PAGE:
As a public school teacher with four decades of teaching experience, I have followed Port school district finances for many years now. Often, school officials claim that our exorbitant school taxes are due to a lack of adequate state aid and unfunded state mandates. They will present bloated school budgets while pitching that their requests are "lean" and "bear-bones" with minimal impact on our expenses. In reality, our soaring school taxes are directly attributable to uncontrolled spending by our school district. Teacher salaries and overly generous class size policies are the driving forces behind soaring school taxes. As a teacher, I certainly advocate for just salary increases but not for the excessive percentages we currently offer.

Port Washington teachers will currently get a 12.3 percent raise over four years, in addition to automatic step increases, which bring the average overall four-year salary increase to a whopping 23 percent. Any clubs, coaching, test scoring, etc. would add additional remuneration. When one considers that the PWSD has 110 more employees than the Nassau County average (adjusted for enrollment) and our administrators are pursuing foreign language study in the elementary schools, one wonders when will the excessive spending end? We certainly don't have an excessive number of special education students to merit such staffing levels.

The actions of the current administration show a disregard to any meaningful curtailing of spending while taxes have driven seniors from their homes, put enormous strains on middle class families and have contributed to the growing exodus of young people who can't afford to live where they grew up. I mention just a few expenditures which merit disclosure. The PWSD paid $8,000 in moving expenses for one employee, hired a creative arts director, reduced middle school class enrollments to under 20 students, allows many teachers to accrue 20 sick days per year, offers more Advanced Placement classes than only one other local district and is well above the Nassau County average.

While I don't advocate going back to classes of 40 or 50 students where many of us were able to excel in, our class sizes (excluding early childhood classes) can be increased with no recognizable detriment. Interestingly, each school district controls their class sizes and teacher/student ratios are not mandated outside of special education settings. I must ask, haven't we functioned well for many years without the recent addition of more administrative positions? Perhaps these days with a weakening economy, real estate values plummeting and job outsourcing, people are convinced more than ever that the PWSD must do more with less. Last year, Dr. Murphy, the Sachem superintendent, came in with 1.5 percent budget increase and almost no increase in school taxes. He is proposing another 1.5 percent budget increase and no tax increase for the 2008-2009 year. Sachem, a very large district, works under the same state unfunded mandates as other districts. Why can't we follow his lead in Port and do a little more with a little less?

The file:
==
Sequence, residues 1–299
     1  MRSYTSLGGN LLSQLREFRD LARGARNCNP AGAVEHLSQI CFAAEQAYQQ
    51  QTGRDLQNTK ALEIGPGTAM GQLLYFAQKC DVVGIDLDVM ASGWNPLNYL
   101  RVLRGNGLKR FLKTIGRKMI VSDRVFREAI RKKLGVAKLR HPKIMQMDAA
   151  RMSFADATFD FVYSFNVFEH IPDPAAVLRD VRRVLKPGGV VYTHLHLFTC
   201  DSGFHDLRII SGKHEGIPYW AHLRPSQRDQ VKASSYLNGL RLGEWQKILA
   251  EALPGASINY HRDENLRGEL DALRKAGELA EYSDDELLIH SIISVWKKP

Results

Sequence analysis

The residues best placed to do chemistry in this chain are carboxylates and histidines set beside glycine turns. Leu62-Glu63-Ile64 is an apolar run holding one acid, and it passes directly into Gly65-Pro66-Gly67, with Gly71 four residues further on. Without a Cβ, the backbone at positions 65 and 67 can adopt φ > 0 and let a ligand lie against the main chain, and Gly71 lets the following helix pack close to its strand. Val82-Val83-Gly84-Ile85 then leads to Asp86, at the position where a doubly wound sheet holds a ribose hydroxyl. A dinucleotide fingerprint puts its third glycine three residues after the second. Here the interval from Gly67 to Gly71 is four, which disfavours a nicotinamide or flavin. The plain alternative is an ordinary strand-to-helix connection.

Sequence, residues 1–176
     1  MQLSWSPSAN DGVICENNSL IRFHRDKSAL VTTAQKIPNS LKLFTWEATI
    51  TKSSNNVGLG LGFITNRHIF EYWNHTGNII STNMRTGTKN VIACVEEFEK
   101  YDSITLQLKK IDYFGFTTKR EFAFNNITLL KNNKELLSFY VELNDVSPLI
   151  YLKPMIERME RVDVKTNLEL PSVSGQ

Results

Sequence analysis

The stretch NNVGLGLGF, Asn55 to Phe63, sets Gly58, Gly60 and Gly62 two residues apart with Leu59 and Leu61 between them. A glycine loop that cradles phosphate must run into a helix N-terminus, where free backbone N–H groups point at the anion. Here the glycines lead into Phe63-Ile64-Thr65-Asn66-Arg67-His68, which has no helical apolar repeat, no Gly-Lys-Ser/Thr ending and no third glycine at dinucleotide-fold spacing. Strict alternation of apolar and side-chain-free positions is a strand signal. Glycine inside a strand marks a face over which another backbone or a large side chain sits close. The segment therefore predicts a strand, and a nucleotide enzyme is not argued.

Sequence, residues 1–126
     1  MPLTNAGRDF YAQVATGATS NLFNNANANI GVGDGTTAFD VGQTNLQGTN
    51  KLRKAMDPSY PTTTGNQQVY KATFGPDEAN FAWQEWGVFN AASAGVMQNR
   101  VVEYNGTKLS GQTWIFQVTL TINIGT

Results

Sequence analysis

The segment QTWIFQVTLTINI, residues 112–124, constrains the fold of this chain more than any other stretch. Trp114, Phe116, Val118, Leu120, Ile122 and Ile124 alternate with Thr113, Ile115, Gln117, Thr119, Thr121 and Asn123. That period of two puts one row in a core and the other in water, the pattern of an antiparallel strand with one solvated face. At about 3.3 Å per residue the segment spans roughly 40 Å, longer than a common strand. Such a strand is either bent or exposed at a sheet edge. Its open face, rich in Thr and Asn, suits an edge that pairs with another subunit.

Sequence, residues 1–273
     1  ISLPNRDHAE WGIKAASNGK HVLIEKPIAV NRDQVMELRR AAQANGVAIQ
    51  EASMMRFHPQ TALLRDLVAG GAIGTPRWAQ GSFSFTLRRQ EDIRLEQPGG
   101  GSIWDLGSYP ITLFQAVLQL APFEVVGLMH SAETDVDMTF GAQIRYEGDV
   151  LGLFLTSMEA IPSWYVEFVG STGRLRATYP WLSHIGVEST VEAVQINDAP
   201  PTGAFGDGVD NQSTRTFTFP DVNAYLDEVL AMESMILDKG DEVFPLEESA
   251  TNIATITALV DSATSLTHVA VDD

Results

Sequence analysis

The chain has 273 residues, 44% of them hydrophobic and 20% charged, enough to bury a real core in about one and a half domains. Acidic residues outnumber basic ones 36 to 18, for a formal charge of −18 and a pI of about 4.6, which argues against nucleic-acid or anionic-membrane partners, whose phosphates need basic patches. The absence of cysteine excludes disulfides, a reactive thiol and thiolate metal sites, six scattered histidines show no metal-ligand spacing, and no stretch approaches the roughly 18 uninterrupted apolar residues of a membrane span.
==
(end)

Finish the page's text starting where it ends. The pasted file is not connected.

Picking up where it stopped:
Why can't the PWSD examine meaningful inter-district purchasing or district merging as Center Moriches and East Moriches in Suffolk County are considering after school consultants claimed they would save more than 25 percent on residential bills? Why must we rehire employees on an interim basis or as consultants, if in fact we already have the best employees on staff? What justifies offering an excessive number of Advanced Placement courses as highlighted in Newsday recently? Why offer a 20-day per year sick benefit while most New York State public school teachers get 10 days per year? Why increase the current draft budget for substitute teachers from $700,000 to $1.2 million? Before considering your vote on the school budget scheduled for Tuesday, May 20, I encourage interested individuals to check out the following two websites to compare 2006-07 staffing ratios for New York State school districts (http://emse32.nysed.gov/irts/pmf/2006-07/home.shtml or www.pwea.net).

Joseph Campbell

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